YARDWASTEBUSINESS: A proposal by DeWitt and Frankenmuth lawmakers to modify the ban on dumping yard waste in landfills could put many private compost companies and county operations out of business, critics say. The change is intended to produce more methane as alternative energy. Companies in Zeeland, Ada, Byron Center, Lansing, Wixom and Ann Arbor, an Emmet County official and the Michigan Environmental Council discuss. By Saodat Asanova-Taylor. FOR HOLLAND, ANN ARBOR, GRAND RAPIDS BUSINESS, LANSING, GREENVILLE, PETOSKEY, HARBOR SPRINGS, ROYAL OAK & ALL POINTS.
HEALTHINSURANCETAX: Small business groups, U.S. Rep. Upton and business owners in Troy and Grand Rapids say a “hidden” insurance tax in the federal health care law favors big companies and unions and could cost workers at small companies an extra $500 a year. U.S. Rep. Peters disagrees. AARP Michigan, although neutral on the tax dispute, says the country should give the overhaul law time to work. By Xinjuan Deng. FOR GRAND RAPIDS BUSINESS, ROYAL OAK, STURGIS, HOLLAND, THREE RIVERS, SOUTH BEND, MICHIGAN CITIZEN, LANSING & ALL POINTS.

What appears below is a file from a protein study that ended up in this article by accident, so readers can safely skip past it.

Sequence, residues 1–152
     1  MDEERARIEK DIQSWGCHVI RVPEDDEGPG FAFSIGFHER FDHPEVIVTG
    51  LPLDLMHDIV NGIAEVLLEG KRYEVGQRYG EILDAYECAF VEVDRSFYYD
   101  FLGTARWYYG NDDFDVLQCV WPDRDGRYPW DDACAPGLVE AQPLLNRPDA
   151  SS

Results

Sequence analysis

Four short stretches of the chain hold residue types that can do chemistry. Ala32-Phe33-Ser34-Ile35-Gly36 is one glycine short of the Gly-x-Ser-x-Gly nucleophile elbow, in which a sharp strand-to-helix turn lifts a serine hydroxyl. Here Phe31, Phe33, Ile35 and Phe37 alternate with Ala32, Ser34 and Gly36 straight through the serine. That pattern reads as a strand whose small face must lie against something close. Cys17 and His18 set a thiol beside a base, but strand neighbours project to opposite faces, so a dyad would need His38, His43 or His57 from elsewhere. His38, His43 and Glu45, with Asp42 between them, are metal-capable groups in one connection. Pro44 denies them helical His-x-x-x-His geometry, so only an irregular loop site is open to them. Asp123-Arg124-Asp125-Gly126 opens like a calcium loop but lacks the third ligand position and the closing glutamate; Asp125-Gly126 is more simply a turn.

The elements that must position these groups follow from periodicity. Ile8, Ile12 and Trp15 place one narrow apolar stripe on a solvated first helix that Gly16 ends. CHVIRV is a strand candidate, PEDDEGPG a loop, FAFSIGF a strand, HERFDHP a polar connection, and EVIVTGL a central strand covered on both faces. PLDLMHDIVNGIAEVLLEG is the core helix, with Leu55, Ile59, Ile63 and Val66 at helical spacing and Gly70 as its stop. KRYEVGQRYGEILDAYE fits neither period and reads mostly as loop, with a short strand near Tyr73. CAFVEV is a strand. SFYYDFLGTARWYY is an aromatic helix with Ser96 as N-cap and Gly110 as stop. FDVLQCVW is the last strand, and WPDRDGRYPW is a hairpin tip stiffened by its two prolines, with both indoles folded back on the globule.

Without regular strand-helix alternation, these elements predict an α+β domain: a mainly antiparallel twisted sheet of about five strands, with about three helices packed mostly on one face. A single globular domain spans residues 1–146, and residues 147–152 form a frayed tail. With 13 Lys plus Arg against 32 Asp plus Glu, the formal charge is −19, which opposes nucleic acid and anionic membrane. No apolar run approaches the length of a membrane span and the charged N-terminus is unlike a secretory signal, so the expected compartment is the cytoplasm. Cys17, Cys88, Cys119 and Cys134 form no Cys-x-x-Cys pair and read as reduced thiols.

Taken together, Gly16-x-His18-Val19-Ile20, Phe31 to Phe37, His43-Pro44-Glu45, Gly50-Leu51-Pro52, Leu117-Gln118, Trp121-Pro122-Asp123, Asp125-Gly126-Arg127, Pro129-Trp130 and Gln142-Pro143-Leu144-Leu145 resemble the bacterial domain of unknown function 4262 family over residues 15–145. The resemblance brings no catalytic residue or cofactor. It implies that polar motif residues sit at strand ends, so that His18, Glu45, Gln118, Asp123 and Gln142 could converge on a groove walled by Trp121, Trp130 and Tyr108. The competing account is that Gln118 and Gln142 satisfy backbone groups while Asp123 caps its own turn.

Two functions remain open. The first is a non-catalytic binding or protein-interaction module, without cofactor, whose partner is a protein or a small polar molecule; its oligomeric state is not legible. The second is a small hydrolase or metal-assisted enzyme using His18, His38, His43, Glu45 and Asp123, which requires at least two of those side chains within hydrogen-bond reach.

ATHLETEEATINGDISORDERS: The stress on highly competitive athletes can lead to life-threatening eating disorders, according to experts, including an MSU professor. Michigan High School Athletic Association trains coaches to prevent and recognize medical problems, including nutrition. For sports and news sections. By Patrick Lyons. FOR LANSING & ALL POINTS.